Swordsmanship refers to the skills of a swordsman, a person versed in the art of the sword. Swords widely considered "the kings and queens of weapons" in both the Occident and the Orient, and treated as both weapons and status symbols accordingly. Nevertheless, sword designs differ from kingdom to kingdom, and even for the exact same type of sword, there may be several competing schools of swordsmanship that teach different approaches on how to fight with a sword.
Swords have been important parts of Etrandish culture ever since the days of Fathred's Confederation, which is when the straight and largerly curveless (save for the blade's pointy end) "old-style swords" came into existence, still in use. Although the swords got longer and the means to craft them got refined over the last two millennia, the overall design remained almost the same with little changes. Why try to fix what isn't broken?
During the rule of the Corlagonid dynasty (0-71 AEKE), Etrand came under heavy High Elven influence, during which Etrand's elite drooled over anything that came out of Froturn - which also included High Elven swords. However, High Elven swords required a vastly different style of fighting that the Etrandish could never adapt to: during the Hengistid dynasty (71-145), "new-style swords" were born as a compromise between traditional Etrandish swords and the introduced High Elven swords, originally as a way of crafting swords that were fit for the Etrandish style of fighting while mimicking High Elven aesthetics. This new design became immediately popular among the aristocracy, but it did not displace the "old-style sword" - the two designs continue to coexist even to this day, in fact, the latter has seen several revivals throughout Etrandish history (for example, under the revival of the Fathred-cult under the rule of King Calhoun I of Etrand).
Differences between the two swords are considered irrelevant attribute-wise, and both main schools of swordsmanship in Etrand deem both swords compatible with their respective styles.
The two opposing schools of swordsmanship in Etrand can be divided roughly geographically: the Southern Etrandish School of Swordsmanship is nimble, agile, and elegant, while the Northern Etrandish School of Swordsmanship is designed for strength, brawn, and savagery.
Southern Etrandish School of Swordsmanship
The Southern Etrandish School of Swordsmanship is a speed and defence-centred style that puts emphasis on mobility, footwork and keeping distance from the enemy unless an opening is found that can be exploited. It contains moves that are considered unorthodox by pretty much every swordsmanship who practices a different school of swordsmanship: for example, while kicks are generally discouraged for swordsmen in other schools of swordsmanship, reasoning that it leads to the kicker losing balance (especially during a sword-lock), in the Southern Etrandish School of Swordsmanship, kicking one's opponent is not only considered a perfectly legitimate move, but is also encouraged in order to dissolve a blade-lock - in fact, swordsmen who practice this style go through extensive leg-training so they can retain their balance even when kicking, and their foot can become strong enough to kick a hostile swordsman back and possibly knock them out of balance.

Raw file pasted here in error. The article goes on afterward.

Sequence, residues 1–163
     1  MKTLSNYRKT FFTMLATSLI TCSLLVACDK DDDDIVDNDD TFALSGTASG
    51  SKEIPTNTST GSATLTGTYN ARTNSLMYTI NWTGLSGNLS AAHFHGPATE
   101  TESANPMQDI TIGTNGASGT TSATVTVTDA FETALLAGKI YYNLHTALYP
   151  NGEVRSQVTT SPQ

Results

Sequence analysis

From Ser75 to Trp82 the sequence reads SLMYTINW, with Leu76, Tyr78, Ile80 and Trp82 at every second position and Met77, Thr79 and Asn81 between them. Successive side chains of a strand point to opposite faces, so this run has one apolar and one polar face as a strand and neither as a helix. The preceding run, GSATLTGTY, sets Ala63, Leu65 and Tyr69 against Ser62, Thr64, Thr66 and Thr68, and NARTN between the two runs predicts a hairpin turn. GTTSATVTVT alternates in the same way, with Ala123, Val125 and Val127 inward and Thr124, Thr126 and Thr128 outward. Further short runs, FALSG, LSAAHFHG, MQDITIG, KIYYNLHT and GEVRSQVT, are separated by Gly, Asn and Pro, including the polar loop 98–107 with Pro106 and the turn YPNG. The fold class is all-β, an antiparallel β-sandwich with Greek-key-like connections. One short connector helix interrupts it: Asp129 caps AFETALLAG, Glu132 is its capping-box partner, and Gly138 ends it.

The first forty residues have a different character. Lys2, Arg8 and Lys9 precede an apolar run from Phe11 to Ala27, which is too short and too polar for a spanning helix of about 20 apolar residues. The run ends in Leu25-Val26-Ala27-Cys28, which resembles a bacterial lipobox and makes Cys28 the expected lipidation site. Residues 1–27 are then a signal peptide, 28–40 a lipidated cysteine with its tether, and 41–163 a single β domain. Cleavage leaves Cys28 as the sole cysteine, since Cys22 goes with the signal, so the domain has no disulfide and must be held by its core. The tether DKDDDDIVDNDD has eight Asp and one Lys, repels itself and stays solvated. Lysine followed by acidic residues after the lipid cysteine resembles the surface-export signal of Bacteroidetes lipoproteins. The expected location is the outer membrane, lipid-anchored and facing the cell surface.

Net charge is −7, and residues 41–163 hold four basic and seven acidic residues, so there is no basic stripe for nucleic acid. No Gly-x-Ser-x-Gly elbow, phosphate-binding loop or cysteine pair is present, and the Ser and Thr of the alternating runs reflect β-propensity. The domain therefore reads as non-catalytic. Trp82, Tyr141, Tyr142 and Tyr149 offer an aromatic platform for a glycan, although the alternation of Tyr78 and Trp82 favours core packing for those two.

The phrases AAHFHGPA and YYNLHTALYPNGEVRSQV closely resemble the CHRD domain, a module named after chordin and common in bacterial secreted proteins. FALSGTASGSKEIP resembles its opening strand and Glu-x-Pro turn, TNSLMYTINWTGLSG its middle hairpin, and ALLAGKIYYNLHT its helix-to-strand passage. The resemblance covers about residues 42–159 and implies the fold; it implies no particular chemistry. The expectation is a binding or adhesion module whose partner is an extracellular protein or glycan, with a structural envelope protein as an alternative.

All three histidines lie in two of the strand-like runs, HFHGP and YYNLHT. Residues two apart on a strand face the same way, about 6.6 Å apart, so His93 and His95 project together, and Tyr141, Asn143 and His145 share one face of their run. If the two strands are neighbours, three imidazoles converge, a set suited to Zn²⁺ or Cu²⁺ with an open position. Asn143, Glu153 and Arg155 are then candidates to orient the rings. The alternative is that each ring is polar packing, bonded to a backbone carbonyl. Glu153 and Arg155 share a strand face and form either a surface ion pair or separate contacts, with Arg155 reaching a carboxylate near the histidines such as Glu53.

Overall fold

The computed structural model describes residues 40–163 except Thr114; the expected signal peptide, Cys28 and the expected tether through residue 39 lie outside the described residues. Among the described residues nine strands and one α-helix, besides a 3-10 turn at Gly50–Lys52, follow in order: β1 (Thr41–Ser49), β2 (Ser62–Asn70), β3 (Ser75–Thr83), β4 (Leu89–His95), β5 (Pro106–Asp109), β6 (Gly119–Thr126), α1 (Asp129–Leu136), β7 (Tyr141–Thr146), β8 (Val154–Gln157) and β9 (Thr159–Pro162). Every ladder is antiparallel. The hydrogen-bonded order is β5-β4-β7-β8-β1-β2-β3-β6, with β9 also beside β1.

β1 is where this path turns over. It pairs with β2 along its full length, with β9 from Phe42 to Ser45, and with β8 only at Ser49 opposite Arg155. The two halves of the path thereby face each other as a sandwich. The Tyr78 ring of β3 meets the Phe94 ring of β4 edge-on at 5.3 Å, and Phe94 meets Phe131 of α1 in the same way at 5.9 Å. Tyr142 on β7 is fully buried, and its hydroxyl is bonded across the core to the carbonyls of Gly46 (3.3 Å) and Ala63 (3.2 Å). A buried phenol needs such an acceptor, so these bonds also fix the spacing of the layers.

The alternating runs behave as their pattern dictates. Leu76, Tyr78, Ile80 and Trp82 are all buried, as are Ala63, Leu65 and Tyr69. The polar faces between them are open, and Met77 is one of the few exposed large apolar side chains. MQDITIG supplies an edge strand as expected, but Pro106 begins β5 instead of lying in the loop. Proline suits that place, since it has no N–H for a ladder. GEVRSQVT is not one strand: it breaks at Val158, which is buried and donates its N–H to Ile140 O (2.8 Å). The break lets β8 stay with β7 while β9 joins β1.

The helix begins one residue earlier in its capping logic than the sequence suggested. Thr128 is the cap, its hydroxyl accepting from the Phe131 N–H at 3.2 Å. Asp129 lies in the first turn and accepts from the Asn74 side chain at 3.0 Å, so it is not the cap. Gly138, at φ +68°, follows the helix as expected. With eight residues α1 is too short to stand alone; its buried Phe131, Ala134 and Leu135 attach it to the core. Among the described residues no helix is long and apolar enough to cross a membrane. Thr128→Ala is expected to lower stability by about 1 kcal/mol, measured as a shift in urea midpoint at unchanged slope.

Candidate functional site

It is important to note that this style of swordsmanship is optimized to combat against larger, physically stronger, and mostly unarmoured or poorly-armoured foes, such as orcish raiders and ogres, from which distance needs to be kept until they can be stabbed or sliced at a vital spot. This school of swordsmanship was also influenced by tribal Lizardman "sword dance", borrowing many moves and stances from it, as well as Wood Elven ways of fighting.
Swordsmen practising this school of swordsmanship are taught to be patient and exploit enemy openings, and wait for the enemy to create an opening instead of trying to force the opponent to open themselves.
Northern Etrandish School of Swordsmanship
The Northern Etrandish School of Swordsmanship is a strength and offence-centered style. While describing it as a "brute force style" would be unfair, it is the polar opposite of its southern counterpart. Since both the swordsman and the opponent and implied to be heavily armoured, have a shield and of comparable size and physical strength, the northern school of swordsmanship puts little emphasis on defence, instead urging the swordsman to be as aggressive as possible, albeit be careful not to create openings for too long.
In sharp contrast with its southern cousin - which stresses keeping distance from the opponent - the northern style urges to minimize distance with the foe, and incorporates elements of psychological warfare into swordsmanship: to keep the pressure on the enemy, to make them feel like they don't even have one millisecond to rest or wait, to gain dominance and corner the enemy. Since the northern philosophy commands one to utilize their weapon to its fullest, using the sword's crossguard and pommel as a hammer play a special role in this school of swordsmanship, alongside shield bashes and gauntlet punches.
It is important to note that this style of swordsmanship is optimized to combat against similar-sized, heavily armoured opponents of comparable physical strength. This school of swordsmanship is heavily influenced by Dwarven styles of fighting, which urge maximal aggressiveness in personal combat, with the implication that the enemy will either break under the pressure at one point and yield, or that the continued battering will eventually kill the enemy.